A register of poorly performing NHS directors is to be set up and maintained by the Care Quality Commission to prevent “unfit” managers working and moving between health and care providers.
The list is to be established under plans to introduce a “fit and proper person test” for boards of all providers registered with the CQC, details of which were published by the Department of Health today.
The regulator will record concerns about individual directors, specifically including where directors resign ahead of the CQC taking intervention action at their organisation.
Individuals who the CQC deems unfit would be barred from joining a new organisation. It will prevent failed senior managers from moving between different providers, the government claims.
The CQC will apply the test when providers apply for registration with the CQC, when a new director is recruited, and each time a provider is inspected.
The DH published draft legal regulations on the test for consultation today.
Creating a fit and proper person test in healthcare was a recommendation of the Francis public inquiry report, published last year, into failures at Mid Staffordshire Foundation Trust. Ministers hope the new test, which will have a right of appeal, could be in place in October.
An impact assessment of the policy by the DH assumes that approximately seven directors would be found to be unfit each year. It estimates running the scheme will cost £2m a year.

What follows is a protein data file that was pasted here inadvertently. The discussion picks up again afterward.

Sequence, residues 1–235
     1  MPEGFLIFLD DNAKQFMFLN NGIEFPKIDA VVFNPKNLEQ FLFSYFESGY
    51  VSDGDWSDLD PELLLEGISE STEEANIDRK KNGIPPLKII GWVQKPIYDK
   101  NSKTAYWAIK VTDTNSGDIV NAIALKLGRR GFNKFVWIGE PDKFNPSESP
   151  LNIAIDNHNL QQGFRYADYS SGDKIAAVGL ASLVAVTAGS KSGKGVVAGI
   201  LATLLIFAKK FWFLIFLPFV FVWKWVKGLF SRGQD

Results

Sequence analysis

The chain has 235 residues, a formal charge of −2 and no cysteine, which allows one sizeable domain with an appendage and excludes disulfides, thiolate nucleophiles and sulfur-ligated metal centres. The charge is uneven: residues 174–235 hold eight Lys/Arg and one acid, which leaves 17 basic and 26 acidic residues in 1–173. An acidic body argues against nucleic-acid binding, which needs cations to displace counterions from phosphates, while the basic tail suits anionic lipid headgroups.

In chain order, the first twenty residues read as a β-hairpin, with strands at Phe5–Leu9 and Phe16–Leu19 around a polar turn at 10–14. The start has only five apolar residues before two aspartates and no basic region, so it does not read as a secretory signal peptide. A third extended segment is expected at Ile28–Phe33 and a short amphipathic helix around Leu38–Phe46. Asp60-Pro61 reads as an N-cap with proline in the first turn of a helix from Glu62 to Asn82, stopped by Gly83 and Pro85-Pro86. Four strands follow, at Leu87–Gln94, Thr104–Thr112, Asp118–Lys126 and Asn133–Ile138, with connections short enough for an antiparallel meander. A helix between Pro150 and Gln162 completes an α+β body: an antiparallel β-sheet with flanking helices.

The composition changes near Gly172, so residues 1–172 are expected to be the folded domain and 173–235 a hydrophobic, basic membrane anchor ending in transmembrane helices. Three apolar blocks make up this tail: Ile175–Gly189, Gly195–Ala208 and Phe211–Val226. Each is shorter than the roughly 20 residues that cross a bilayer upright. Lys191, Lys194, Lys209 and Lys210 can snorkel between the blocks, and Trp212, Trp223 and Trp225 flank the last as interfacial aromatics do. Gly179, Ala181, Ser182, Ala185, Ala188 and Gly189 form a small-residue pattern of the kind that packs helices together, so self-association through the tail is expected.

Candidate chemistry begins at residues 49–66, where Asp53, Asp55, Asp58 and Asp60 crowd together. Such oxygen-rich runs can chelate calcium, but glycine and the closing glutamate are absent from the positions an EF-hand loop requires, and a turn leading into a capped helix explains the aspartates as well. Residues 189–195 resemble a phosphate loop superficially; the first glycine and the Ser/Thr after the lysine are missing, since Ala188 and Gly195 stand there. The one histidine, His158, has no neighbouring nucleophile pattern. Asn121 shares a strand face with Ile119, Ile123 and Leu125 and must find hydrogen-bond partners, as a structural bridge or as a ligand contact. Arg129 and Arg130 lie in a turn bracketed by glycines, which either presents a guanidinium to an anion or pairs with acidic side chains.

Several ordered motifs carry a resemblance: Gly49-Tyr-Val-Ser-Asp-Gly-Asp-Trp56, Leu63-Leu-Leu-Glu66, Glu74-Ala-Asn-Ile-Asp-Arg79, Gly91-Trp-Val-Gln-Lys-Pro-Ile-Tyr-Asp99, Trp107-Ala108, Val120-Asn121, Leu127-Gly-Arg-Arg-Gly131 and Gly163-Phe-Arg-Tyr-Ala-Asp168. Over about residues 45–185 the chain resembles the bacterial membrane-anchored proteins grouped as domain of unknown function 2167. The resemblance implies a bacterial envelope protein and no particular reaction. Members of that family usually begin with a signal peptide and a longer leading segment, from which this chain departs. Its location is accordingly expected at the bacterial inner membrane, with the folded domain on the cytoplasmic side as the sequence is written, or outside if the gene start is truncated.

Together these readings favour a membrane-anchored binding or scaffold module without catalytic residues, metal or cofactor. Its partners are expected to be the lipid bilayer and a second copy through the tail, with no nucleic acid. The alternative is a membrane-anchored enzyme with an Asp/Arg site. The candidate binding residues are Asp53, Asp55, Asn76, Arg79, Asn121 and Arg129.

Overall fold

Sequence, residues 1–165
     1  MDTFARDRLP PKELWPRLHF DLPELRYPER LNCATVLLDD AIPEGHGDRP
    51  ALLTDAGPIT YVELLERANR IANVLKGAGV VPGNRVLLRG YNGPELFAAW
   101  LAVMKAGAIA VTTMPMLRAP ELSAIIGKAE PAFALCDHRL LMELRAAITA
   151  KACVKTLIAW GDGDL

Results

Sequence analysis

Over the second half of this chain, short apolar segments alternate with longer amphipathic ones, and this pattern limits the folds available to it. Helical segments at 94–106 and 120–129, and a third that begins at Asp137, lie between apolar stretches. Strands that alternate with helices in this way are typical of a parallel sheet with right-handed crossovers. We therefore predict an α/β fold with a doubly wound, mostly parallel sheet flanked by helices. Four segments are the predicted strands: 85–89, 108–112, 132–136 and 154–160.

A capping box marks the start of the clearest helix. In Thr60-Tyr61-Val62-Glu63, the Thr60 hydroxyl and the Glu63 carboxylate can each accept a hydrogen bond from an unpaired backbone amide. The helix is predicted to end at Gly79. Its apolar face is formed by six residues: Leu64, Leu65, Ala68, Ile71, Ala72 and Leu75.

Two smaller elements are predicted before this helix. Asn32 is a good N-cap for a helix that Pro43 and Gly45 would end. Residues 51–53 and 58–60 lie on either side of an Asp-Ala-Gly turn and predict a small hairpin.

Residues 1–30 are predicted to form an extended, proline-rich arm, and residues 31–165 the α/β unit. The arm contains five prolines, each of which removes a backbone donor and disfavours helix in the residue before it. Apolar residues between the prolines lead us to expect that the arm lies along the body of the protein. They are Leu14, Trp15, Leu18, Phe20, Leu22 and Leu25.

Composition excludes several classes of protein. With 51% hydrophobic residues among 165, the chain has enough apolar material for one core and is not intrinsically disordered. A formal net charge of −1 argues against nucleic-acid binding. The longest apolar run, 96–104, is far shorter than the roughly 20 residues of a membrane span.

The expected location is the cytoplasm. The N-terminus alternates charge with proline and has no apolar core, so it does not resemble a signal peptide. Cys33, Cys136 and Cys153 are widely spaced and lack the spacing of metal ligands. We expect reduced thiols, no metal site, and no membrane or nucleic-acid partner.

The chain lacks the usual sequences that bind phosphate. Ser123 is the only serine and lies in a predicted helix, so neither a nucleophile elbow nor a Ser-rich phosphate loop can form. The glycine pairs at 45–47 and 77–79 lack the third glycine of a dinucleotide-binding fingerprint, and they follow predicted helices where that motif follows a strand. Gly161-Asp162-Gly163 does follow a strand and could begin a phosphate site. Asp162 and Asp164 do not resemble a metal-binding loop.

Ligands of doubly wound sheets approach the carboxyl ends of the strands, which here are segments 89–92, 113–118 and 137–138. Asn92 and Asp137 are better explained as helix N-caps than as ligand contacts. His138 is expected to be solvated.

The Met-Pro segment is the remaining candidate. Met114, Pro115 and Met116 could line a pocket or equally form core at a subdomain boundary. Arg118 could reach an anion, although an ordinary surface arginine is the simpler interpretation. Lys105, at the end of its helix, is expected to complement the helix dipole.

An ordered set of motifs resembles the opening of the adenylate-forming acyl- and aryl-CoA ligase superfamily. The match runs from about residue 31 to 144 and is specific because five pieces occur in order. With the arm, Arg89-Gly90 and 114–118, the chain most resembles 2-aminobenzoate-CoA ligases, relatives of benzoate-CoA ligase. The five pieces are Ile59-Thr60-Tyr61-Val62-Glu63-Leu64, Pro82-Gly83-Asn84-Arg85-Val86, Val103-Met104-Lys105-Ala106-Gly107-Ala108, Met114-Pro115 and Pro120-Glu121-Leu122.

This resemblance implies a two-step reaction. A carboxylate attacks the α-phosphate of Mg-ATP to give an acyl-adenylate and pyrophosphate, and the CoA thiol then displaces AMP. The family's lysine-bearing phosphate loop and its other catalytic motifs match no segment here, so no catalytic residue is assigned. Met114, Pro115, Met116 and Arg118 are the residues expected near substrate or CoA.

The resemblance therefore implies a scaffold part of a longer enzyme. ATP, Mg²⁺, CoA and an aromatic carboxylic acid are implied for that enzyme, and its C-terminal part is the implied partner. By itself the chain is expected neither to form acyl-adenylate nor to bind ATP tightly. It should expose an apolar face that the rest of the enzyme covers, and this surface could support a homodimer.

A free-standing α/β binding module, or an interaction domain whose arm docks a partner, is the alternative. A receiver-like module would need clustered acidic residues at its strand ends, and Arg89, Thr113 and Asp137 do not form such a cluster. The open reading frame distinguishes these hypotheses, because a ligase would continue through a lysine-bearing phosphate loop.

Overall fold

The regulations state that to qualify as a fit and proper person a director must:
- Not have been responsible for misconduct or mismanagement in the course of any employer with a CQC registered provider;
- Be capable of undertaking the position;
- Be of good character;
- Have the qualifications, skills and experience necessary for the role;
- Not be prohibited from holding the position under existing laws.
Specific instances which could lead to a director being deemed unfit include if they have been convicted of a criminal offence or sentenced to three months in prison within the last five years; they are the subject of a bankruptcy order; they have undischarged arrangements with creditors; or are included on any barring list preventing them working with children and vulnerable adults.
The test will apply to board director and equivalent roles, including executive directors, non-executive directors, chairs and trustees. It will not apply to foundation trust governors. The DH said NHS England would explore developing a parallel set of rules for clinical commissioning groups.
Care minister Norman Lamb said: “Scandals like Winterbourne View and Mid Staffs damaged confidence in our health and care system. This test will allow us to make sure that those leading health and care organisations are up to the job - and to remove those who are not, including those who have presided over poor care.”
The consultation on the draft regulations runs until next month.